Monday, May 18, 2020

Ecopolis—Wesleyan and Middletown in 2050

Submitted by Miles Brooks Wesleyan, ‘20
In the current reality, it is difficult to know what the future will look like. We don’t know when quarantine will end or what life will look like on the other side. It can be disheartening, but we still have our greatest tool: our imagination.

Imagine Wesleyan’s campus and Middletown in the year 2050…

The most noticeable difference is the campus appearance. The University understands the cost and unsustainability of replanting grass every year, treating it with pesticides, and watering it multiple times a week. In the place of grass is a restored New England ecosystem with native flowers and tall grasses. There are benches and seating areas dispersed throughout the campus for folks to enjoy the sun in between classes. The plant diversity on campus brings back the natural ecosystem, including a family of endangered barn owls that roost at the top of Allbritton.

College row is a food forest. Tall sugar maple trees are tapped every winter for syrup; apple trees bloom every spring. Blueberry, blackberry, and raspberry bushes fill space under the trees. Long Lane, WildWes, and Bon-Appetite workers have converted vacant spaces into land that can feed our community. When the fruit is ripe, students can enjoy a snack between classes. Student workers pick the remaining berries and turn them into jams, juices, or dehydrated fruit for the rest of campus to enjoy year-round.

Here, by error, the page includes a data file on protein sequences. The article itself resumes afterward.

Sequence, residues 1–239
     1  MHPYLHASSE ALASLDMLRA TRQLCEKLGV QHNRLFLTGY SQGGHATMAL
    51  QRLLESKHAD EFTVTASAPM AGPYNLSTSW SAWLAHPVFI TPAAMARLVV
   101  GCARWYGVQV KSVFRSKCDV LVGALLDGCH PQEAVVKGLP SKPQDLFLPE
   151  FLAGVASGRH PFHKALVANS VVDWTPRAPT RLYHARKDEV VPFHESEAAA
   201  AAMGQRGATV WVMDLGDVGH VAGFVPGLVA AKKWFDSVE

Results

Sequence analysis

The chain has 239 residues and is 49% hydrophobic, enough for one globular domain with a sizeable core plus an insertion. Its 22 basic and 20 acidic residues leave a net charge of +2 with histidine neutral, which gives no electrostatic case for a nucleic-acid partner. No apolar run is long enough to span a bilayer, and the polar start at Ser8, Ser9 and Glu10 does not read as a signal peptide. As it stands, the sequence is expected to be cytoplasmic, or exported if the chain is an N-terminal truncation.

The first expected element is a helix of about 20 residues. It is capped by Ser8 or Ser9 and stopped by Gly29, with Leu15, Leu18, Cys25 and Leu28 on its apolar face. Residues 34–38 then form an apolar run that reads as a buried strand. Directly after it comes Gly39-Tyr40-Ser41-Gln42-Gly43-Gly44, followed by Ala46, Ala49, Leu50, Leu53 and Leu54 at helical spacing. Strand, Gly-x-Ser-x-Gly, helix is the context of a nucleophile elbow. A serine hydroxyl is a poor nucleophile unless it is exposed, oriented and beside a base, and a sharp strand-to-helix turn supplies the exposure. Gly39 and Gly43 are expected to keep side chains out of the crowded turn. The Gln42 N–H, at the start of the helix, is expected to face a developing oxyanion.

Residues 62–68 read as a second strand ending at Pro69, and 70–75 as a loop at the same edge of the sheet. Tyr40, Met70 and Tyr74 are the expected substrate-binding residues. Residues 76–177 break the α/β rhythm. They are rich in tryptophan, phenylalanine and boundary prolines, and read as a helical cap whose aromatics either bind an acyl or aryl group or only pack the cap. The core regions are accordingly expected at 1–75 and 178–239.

The city mandates that all roofs must have either solar panels, roof-top gardens, or rain-catchment systems. Middletown and Wesleyan run entirely from renewable energy. Wind turbines and solar fields are found on the outskirts of town and parts of campus to power the city.